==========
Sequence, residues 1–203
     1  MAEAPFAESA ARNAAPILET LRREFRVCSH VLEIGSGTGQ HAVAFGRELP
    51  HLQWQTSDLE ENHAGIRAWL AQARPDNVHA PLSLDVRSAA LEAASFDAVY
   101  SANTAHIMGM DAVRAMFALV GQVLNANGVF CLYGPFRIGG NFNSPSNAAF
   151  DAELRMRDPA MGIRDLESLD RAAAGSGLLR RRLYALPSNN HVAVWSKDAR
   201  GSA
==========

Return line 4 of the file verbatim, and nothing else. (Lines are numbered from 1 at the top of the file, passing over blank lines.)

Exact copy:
   101  SANTAHIMGM DAVRAMFALV GQVLNANGVF CLYGPFRIGG NFNSPSNAAF